May. 25th, 2009

starlady: (orihime)
My dad, sister and I ran the Teal Ribbon 5K yesterday in memory of my mom--I finished in 39:10, of which, considering that it was my first 5K ever and that I was by no means physically destroyed at the end, I am quite proud. I only got back into running (after about a six-year gap) about 10 days ago, but I must do more of it, it pretty much seems to be the best all-around exercise I've yet encountered. Seemingly unrelated muscles have been pleasingly strained.

I watched the Studio Ghibli film "Nausicaä of the Valley of the Wind" tonight. It was, I believe, Studio Ghibli's first feature film, but after 25 years it's aged surprisingly well (which is to say, not at all), if one excepts the 80s soundtrack on the Japanese language track. I've been told the dub is good, but I really try not to watch dubs.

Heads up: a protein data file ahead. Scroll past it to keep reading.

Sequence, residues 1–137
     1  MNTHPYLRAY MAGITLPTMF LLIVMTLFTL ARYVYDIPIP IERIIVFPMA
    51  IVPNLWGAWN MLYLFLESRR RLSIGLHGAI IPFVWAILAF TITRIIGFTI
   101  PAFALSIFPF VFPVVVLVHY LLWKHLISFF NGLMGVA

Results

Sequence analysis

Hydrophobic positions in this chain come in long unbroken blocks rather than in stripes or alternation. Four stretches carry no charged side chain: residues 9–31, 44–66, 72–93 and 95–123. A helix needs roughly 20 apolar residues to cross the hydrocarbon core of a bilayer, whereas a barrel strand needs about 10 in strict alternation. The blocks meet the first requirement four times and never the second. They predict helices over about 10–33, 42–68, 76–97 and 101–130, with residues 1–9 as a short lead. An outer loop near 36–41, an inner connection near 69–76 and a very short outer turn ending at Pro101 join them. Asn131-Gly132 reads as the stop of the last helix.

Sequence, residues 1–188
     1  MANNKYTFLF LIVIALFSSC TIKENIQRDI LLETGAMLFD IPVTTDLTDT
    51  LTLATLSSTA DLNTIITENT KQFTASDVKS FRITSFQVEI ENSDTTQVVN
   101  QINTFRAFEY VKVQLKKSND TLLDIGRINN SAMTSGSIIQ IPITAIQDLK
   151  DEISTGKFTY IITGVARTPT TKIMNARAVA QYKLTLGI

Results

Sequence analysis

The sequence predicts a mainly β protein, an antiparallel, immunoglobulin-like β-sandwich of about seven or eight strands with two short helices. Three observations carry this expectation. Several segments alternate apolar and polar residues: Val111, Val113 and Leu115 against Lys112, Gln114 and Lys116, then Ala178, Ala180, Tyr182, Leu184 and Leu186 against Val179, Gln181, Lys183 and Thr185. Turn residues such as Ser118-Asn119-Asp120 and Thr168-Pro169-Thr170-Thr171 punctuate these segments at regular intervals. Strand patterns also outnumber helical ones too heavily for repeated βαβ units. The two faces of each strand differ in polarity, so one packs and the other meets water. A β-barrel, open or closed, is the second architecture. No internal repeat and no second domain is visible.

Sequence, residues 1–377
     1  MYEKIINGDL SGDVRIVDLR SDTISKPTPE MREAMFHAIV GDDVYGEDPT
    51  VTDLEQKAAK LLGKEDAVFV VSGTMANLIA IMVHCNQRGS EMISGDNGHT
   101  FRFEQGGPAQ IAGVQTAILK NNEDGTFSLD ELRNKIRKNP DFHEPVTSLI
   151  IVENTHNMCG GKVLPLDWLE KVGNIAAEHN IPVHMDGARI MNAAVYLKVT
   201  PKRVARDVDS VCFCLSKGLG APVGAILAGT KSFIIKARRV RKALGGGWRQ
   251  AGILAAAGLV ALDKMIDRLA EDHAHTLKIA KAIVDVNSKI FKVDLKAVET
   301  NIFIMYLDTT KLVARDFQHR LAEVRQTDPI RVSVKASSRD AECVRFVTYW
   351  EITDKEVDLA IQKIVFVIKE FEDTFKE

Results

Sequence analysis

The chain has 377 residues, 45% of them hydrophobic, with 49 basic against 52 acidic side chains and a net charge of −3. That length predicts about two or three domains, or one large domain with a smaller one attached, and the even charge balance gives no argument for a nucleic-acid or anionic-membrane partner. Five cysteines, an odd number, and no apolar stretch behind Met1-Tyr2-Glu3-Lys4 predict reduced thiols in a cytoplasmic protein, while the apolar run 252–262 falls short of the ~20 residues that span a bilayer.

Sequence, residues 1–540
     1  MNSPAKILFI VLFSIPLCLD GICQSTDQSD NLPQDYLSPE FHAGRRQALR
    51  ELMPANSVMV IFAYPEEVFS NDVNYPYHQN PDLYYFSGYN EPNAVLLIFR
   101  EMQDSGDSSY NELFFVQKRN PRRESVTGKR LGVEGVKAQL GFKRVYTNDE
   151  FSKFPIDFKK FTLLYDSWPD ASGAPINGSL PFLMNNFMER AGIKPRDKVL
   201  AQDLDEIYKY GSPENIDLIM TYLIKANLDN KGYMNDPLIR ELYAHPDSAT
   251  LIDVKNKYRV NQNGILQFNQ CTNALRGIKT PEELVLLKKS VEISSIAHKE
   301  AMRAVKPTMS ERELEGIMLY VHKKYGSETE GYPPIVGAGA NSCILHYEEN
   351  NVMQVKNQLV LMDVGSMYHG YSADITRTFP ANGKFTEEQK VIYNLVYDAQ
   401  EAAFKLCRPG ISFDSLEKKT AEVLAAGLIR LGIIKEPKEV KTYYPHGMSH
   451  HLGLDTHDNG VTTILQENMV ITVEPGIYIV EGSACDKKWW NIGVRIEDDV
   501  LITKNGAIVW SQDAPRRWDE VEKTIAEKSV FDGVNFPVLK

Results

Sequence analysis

It's striking to see how many of Miyazaki Hayao's themes are revealed to be signal preoccupations--girls that fly, powerful women who oppose them, the immense importance of living in balance with the Earth. Nausicaä is an appealing heroine (and a ginger!); I found it amusing that everyone in her valley wants to protect her, but she takes no notice of that and protects them instead. Also, she didn't die at the end, at which I was vastly relieved--since reading Livia Monnet's chapter in Robot Ghosts and Wired Dreams, I've become hyper-aware of all the maternal, female messiahs in sff who die and redeem the world by dying (perhaps the prime example of this is Aenea in Dan Simmons' Endymion and The Rise of Endymion). Plus she has an Evie a fox-squirrel, which is just cool. Per Monnet, I also found it interesting to consider the fact that Nausicaä's agency (or rather, its effectiveness) arises squarely from that characteristic which has traditionally disqualified women from full subject-hood: her openness (or permeability) to other beings, whether it's her fox-squirrel, the ohmu, other people or the world itself. By the same token, it's also interesting to contemplate Lady Yushara as a cyborg, which she apparently is. I was also struck by how many of the movie's themes seem to have been taken up by other, later anime--the Giant Warriors in particular are like something out of Eva or The Big O (and they look a lot like the giant robots in Laputa. Miyazaki steals from himself above all other sources).

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